Are there any myths related to Mind Mapping, or how the brain functions, that we should steer clear of?
Whether they know it or not, people are changing their minds every second of their lives. The brain is not like a computer that is a fixed structure with fixed databases. We have recently discovered that each brain is astonishingly flexible. Each of your million, million bio-computer chips (your brain cells) is like a mini octopus that can grow new tentacles and new branches throughout life. If you use it well, your brain becomes more powerful and sophisticated as you grow older.
Every thought you have causes a little “memory trace” like a track through the woods or snow. Each and every one of these thoughts creates a change in the probability that you will think it again. The more you repeat the thought, the more likely you are to think that thought again.
You change your mind by thinking. All you have to do to change your mind for the better is to think in a positive, proactive and constructive way.
Is Mind Mapping a technique that works better in just creative workplaces or in more organized sectors? Or both?
Mind Maps definitely works for both. Companies have been using PPTs (PowerPoints) and flow charts for a long time. However, they lack variety and have hardly evolved since their existence. In a lot of ways, PPTs and flow charts are like linear notes. They comprise several words, straight lines, and lack colour. Mind Maps were initially created to break out of these aspects and give the human brain a dash of colour and excitement so as to retain better and learn faster. Thus, in most cases due to these stark differences, a Mind Map would work better than the traditional PPTs and flow charts.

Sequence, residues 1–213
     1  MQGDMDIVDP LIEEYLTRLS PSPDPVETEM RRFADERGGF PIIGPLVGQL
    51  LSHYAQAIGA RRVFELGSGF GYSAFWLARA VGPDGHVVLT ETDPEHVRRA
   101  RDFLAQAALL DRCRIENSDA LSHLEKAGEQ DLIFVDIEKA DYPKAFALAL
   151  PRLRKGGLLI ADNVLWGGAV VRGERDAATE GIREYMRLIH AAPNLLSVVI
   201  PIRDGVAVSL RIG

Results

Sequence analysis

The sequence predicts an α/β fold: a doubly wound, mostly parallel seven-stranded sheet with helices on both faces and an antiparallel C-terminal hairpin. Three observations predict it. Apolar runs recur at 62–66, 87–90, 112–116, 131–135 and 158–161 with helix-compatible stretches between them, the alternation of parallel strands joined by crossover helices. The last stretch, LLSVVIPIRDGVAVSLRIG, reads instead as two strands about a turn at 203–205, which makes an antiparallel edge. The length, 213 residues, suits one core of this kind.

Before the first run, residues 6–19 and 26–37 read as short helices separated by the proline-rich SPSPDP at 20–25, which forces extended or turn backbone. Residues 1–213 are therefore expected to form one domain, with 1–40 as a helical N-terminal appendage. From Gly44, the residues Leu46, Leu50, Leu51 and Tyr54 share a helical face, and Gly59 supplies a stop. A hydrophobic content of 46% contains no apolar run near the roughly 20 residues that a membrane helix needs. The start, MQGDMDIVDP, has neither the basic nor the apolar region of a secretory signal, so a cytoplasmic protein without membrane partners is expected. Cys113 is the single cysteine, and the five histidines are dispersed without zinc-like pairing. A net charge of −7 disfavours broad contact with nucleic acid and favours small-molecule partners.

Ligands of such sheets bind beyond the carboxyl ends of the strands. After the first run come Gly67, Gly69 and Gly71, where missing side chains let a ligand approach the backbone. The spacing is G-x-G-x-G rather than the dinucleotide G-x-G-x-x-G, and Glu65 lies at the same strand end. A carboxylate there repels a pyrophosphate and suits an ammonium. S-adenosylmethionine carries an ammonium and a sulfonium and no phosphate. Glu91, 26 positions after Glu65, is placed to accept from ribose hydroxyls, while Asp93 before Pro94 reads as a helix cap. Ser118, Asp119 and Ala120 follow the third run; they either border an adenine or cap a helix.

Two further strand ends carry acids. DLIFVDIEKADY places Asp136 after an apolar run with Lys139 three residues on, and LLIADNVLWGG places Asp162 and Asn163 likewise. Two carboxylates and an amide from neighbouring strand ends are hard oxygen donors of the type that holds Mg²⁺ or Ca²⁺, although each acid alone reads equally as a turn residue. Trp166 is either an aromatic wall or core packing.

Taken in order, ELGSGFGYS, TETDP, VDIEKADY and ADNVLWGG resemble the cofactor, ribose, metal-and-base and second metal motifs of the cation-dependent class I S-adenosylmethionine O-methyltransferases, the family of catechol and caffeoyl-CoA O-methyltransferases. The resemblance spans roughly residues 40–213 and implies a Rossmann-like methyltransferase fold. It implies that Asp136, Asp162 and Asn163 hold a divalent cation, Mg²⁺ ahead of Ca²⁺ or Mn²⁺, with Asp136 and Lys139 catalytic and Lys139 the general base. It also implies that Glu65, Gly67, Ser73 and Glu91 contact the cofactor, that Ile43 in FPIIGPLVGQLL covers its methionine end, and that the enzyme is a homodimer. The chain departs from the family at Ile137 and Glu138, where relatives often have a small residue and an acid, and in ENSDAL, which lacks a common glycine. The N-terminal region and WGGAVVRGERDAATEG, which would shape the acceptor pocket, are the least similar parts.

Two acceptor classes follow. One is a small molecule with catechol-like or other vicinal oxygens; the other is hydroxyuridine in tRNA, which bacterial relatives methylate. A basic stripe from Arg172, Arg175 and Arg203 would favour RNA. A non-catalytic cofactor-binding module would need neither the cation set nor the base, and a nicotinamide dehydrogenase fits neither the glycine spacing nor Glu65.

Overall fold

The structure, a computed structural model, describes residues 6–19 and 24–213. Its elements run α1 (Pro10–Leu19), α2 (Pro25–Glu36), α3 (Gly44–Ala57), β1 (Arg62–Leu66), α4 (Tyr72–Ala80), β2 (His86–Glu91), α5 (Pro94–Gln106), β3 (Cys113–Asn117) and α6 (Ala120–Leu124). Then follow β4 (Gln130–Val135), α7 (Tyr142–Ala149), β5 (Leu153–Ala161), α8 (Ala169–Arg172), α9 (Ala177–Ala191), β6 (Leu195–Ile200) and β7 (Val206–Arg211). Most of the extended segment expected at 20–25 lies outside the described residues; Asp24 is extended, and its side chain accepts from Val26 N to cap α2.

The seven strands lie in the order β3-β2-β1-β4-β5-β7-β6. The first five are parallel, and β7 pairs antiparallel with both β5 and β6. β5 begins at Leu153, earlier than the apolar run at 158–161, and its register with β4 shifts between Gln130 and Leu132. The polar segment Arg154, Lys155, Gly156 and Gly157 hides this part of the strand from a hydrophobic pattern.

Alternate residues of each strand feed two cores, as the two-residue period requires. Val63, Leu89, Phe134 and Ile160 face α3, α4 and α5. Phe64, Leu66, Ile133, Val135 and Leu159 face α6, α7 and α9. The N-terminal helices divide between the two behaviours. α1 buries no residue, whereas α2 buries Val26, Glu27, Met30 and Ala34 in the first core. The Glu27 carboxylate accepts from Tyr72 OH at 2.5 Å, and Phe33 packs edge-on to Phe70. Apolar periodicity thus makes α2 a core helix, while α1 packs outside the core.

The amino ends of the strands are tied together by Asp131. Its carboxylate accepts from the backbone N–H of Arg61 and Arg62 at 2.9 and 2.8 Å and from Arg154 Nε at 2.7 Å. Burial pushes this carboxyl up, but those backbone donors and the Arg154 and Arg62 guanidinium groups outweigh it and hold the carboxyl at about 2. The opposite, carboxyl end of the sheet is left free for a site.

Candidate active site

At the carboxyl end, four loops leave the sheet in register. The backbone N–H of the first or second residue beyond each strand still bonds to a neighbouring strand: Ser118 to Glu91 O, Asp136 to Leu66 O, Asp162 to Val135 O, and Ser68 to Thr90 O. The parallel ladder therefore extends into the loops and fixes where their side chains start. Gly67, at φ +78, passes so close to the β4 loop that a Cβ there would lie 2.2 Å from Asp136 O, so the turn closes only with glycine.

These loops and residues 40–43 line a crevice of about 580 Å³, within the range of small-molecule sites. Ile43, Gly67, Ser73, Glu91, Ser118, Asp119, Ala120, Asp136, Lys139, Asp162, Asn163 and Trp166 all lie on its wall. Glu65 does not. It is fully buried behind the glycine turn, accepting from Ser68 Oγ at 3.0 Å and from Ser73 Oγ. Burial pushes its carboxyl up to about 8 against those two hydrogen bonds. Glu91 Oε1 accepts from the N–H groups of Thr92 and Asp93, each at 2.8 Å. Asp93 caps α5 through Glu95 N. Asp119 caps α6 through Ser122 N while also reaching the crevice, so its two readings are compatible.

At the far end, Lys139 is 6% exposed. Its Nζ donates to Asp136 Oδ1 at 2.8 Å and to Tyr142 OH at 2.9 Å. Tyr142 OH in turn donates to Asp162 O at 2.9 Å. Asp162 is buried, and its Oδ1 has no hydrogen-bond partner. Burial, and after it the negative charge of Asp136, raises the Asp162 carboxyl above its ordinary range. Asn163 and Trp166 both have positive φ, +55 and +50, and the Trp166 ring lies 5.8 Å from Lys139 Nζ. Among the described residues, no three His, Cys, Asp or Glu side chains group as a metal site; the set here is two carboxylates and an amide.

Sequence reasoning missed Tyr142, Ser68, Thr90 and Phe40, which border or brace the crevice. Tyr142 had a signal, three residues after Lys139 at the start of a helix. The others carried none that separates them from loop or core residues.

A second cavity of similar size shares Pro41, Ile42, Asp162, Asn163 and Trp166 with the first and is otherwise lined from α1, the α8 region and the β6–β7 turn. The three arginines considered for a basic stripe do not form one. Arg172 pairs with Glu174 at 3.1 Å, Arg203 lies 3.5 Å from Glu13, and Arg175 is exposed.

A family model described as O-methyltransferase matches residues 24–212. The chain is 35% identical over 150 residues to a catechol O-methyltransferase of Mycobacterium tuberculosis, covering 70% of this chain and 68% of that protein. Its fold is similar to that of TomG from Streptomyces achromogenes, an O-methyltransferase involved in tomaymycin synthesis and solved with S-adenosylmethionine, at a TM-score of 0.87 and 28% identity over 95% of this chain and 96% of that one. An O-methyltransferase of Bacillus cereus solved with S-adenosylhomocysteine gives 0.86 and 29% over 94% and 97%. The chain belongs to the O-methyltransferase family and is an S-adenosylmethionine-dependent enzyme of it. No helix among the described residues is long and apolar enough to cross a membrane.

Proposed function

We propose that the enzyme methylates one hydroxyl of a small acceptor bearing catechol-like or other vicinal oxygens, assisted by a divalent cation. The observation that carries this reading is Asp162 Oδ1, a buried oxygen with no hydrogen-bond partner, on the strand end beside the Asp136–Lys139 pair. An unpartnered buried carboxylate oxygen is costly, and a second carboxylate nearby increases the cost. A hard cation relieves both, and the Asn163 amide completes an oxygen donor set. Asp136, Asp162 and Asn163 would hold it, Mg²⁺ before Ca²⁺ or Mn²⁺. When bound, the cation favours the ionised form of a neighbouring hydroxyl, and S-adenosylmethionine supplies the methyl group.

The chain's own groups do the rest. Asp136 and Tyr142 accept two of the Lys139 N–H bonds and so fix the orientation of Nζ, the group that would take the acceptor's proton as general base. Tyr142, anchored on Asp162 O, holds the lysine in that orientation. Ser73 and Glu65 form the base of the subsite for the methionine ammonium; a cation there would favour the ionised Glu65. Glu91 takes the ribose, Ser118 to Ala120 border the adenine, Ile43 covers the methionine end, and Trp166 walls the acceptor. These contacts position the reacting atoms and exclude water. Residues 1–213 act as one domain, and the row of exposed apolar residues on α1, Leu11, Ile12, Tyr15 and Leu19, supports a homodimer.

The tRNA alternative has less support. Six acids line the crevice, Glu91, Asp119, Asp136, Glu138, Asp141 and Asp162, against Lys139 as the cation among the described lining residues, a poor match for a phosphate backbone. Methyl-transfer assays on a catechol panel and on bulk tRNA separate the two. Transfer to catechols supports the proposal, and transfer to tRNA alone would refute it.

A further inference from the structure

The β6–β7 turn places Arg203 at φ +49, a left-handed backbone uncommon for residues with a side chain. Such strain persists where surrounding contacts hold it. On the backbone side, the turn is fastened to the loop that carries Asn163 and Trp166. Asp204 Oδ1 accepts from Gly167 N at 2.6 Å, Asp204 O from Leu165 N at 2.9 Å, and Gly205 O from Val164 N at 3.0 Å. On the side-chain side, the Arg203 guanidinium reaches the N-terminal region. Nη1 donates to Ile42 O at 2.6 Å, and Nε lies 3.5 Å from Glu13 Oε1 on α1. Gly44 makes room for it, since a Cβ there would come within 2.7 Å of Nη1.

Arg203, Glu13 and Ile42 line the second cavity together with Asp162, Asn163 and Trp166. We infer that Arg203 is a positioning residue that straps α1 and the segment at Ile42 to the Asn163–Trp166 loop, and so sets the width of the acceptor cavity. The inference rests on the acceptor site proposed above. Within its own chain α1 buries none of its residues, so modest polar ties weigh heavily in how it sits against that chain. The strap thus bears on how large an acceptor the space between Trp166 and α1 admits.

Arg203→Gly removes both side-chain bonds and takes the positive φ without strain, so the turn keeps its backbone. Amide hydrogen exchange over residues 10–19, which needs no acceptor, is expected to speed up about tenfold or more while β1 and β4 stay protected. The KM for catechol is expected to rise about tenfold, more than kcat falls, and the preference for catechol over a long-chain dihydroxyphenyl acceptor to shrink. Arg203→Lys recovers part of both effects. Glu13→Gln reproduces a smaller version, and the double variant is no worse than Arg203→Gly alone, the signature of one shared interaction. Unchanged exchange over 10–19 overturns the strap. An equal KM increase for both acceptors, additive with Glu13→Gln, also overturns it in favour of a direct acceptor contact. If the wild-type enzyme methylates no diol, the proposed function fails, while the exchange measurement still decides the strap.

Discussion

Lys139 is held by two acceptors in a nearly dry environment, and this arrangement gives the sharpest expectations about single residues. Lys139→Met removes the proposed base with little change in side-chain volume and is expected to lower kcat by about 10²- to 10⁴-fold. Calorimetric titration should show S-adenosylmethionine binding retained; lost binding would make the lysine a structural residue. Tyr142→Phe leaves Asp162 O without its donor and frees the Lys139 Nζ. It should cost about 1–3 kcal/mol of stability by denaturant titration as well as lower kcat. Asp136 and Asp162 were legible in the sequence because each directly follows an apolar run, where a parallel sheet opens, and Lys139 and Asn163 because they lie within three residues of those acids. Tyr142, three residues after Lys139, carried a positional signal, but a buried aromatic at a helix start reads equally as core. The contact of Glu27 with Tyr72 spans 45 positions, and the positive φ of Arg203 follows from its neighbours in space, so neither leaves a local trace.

The iMindMap 5 software, which is the latest offering, allows one to make business presentations in a way better than the PPT. It gives 3D views, charts, etc., and is very exciting.
As per the advantages for businesses, the Mind Map is tremendously used as a business application world over. One can use a Mind Map to plan his day, plan a call, plan a meeting, minute a meeting, strategize projects of all sizes, and much more.
Creatively, I have had people who have etched Mind Maps to write books, judge their passions, channelize their thoughts, and much more.
There are no limitations tousing Mind Maps for businesses as well as personal or creative inhibitions. Moreover, they are highly productive and less time-consuming.
Is it true that some people are inherently more intelligent and some mediocre? Does maximizing brain power imply you could bridge that gap?
A seminal story of how Mind Maps help students in study concerns a young boy named Edward Hughes. Edward was an average student, who suddenly decided he wanted to go to Cambridge. For this, both teaching staff and his fellow pupils mocked him. He and his father asked me to help him get to Cambridge, which I promised to do. Edward learnt Mind Mapping, memory techniques and speed reading, and not only got straight “A”s in his final exams, he was top of his school, and in one exam, top in England. Cambridge begged him to come.
At Cambridge he excelled, using Mind Maps and thinking techniques to complete his studies in less than one quarter of the time it took others at Cambridge to do so.
This left him time to engage in many social and sporting activities, and to graduate with an excellent degree.